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Investigators’ drone footage reveals disturbing scenes on farms: ‘Hopefully, this will lead to increased public pressure’

Related issues include anemia, infant deaths, kidney disease, and septicemia.

Related issues include anemia, infant deaths, kidney disease and septicemia.

Photo Credit: iStock

Waterkeeper organizations in the state of North Carolina have taken to the skies to gather evidence of ongoing water contamination caused by an increasing number of nearby industrial-scale hog and poultry farms.

Larry Baldwin and Rick Dove, colleagues at an international nonprofit focused on clean water called the Waterkeeper Alliance, explained to Inside Climate News that they use drones to capture footage of waste being discarded into nearby creeks and waterways, which is a threat to public health. 

“These Concentrated Animal Feeding Operations, or CAFOs, are spread over large areas, mostly in rural North Carolina, and it’s not easy to discover a violation from the road,” Baldwin said. “That is why we have to get into these small planes to see from above if a swine or poultry facility is committing a violation.”

Some of the footage was included in a video report posted to YouTube. According to Inside Climate News, Waterkeeper organizations have been “undertaking airborne sorties in privately chartered planes to document hog and poultry waste leaking into watersheds” for years. 

Similarly, an anti-animal cruelty nonprofit called Mercy For Animals recently captured drone footage of a dairy farm in Kewaunee County, Wisconsin, that showed open-air pits of animal waste sitting next to a residential neighborhood.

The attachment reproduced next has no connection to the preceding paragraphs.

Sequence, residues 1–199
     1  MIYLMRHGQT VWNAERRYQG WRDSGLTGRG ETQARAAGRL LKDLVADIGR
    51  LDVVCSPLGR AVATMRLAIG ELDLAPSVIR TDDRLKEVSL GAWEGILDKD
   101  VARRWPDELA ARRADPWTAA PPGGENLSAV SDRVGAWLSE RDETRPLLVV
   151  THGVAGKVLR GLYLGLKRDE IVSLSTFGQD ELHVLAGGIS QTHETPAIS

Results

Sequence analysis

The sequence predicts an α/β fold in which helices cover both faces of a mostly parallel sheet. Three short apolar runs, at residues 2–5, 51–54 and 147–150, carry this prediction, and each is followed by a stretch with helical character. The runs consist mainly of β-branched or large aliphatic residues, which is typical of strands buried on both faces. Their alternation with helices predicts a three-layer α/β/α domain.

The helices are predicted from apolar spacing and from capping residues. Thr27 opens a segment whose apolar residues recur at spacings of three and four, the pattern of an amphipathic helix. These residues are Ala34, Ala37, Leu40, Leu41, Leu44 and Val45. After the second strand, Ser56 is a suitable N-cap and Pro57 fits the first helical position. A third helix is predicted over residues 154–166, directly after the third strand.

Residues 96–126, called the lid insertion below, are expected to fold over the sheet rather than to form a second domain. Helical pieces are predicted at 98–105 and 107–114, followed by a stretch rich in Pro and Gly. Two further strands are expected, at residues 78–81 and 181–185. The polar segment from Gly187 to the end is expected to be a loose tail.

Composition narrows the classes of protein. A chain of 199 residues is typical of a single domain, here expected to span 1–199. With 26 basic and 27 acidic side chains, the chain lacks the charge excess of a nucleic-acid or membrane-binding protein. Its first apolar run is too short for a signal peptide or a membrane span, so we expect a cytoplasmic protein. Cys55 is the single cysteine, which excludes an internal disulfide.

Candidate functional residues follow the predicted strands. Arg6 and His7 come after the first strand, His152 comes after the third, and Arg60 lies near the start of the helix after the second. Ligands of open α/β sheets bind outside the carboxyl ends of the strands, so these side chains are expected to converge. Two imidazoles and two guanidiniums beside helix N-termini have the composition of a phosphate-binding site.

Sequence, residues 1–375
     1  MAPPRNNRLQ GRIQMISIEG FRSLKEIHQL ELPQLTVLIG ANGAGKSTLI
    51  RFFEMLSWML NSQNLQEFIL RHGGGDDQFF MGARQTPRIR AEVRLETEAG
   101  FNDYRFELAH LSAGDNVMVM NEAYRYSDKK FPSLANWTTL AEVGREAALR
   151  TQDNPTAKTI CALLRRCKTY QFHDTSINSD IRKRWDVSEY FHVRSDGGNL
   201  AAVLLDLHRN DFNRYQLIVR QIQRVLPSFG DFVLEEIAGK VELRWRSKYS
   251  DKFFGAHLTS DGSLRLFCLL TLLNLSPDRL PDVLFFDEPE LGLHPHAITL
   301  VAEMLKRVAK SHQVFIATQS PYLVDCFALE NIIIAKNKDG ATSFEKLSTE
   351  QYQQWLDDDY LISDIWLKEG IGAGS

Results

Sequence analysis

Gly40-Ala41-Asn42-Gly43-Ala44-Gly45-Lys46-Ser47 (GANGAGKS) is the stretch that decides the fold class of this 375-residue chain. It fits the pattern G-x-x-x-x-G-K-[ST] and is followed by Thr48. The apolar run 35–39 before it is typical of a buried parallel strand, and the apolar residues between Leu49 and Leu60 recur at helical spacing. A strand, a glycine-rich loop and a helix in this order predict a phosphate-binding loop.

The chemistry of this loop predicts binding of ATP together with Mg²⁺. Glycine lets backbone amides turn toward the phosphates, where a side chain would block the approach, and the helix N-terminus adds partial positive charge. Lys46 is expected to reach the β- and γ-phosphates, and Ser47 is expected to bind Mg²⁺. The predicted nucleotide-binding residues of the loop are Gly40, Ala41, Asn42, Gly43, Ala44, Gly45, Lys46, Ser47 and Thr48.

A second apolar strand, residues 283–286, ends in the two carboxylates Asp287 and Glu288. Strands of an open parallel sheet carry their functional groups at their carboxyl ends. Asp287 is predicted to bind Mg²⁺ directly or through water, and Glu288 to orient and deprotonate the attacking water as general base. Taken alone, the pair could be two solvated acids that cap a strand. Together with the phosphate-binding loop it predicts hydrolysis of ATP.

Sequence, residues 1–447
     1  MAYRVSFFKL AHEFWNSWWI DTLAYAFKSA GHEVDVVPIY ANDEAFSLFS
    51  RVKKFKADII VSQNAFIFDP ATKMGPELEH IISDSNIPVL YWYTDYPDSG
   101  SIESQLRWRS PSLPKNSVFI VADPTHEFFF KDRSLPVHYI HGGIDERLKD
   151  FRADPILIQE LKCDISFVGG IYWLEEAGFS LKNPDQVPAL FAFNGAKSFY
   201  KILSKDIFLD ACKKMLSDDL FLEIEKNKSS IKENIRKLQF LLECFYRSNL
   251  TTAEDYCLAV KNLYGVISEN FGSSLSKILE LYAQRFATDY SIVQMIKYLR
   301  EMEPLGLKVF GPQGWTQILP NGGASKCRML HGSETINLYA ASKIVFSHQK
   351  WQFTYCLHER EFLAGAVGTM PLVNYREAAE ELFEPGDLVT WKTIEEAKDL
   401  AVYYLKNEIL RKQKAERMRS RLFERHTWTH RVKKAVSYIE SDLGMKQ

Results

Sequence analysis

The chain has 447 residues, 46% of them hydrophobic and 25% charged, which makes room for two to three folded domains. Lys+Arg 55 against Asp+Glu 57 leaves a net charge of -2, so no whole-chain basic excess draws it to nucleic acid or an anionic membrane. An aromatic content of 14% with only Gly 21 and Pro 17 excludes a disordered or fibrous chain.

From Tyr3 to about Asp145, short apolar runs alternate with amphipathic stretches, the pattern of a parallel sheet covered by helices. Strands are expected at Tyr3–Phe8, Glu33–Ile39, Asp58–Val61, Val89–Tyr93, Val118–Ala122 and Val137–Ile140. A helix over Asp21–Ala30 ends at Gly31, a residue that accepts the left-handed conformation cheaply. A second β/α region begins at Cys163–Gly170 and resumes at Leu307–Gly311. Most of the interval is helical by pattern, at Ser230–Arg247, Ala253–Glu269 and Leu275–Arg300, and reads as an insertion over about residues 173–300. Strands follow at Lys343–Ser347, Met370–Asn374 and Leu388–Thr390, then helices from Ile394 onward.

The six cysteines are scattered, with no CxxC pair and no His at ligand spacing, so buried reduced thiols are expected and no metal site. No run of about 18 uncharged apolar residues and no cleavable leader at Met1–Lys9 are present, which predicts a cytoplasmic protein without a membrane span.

Baldwin said he would take pictures in order to support ongoing investigations into livestock operations that were potentially “illegally contaminating water with waste from open pits of hog feces and urine.” In addition to documenting potentially illegal waste management practices by CAFO operators, Baldwin’s goal included monitoring “the increasing proliferation of large-scale hog and poultry operations into areas with low-income communities of color.”

Fine particulate air pollution caused in part by ammonia emissions from hog operations was listed as the cause of 95 premature deaths annually in North Carolina’s Sampson County and 83 such deaths in Duplin County, according to a recent study by the National Academy of Sciences.

Research from Duke University determined that minority neighborhoods in North Carolina are “disproportionately impacted by hog farm pollution and face myriad health problems from the pollution, including anemia, infant deaths, kidney disease and septicemia.”

The lack of regulations in the hog and poultry farm industries has left communities largely unable to combat the issues, which is why the Waterkeeper organizations are so determined to raise awareness about the threats to public health.

“Hopefully, this will lead to increased public pressure that can get the state to do the right thing,” Baldwin said.

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